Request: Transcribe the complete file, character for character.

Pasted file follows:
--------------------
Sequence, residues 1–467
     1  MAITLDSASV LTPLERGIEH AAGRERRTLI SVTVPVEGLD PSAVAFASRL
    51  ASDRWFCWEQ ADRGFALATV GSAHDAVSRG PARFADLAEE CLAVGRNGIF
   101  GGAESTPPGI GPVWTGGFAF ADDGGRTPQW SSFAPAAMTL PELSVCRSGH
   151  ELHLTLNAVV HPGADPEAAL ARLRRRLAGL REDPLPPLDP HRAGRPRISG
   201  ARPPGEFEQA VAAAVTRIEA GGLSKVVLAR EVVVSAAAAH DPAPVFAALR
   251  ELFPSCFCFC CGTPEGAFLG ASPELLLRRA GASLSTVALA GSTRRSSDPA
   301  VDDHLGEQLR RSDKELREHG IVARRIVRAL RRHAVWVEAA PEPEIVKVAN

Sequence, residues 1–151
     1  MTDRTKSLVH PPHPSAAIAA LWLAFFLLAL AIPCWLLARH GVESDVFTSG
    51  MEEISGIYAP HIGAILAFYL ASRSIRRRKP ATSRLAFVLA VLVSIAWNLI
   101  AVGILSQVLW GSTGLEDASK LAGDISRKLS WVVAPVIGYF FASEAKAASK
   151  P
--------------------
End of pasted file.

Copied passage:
Sequence, residues 1–467
     1  MAITLDSASV LTPLERGIEH AAGRERRTLI SVTVPVEGLD PSAVAFASRL
    51  ASDRWFCWEQ ADRGFALATV GSAHDAVSRG PARFADLAEE CLAVGRNGIF
   101  GGAESTPPGI GPVWTGGFAF ADDGGRTPQW SSFAPAAMTL PELSVCRSGH
   151  ELHLTLNAVV HPGADPEAAL ARLRRRLAGL REDPLPPLDP HRAGRPRISG
   201  ARPPGEFEQA VAAAVTRIEA GGLSKVVLAR EVVVSAAAAH DPAPVFAALR
   251  ELFPSCFCFC CGTPEGAFLG ASPELLLRRA GASLSTVALA GSTRRSSDPA
   301  VDDHLGEQLR RSDKELREHG IVARRIVRAL RRHAVWVEAA PEPEIVKVAN

Sequence, residues 1–151
     1  MTDRTKSLVH PPHPSAAIAA LWLAFFLLAL AIPCWLLARH GVESDVFTSG
    51  MEEISGIYAP HIGAILAFYL ASRSIRRRKP ATSRLAFVLA VLVSIAWNLI
   101  AVGILSQVLW GSTGLEDASK LAGDISRKLS WVVAPVIGYF FASEAKAASK
   151  P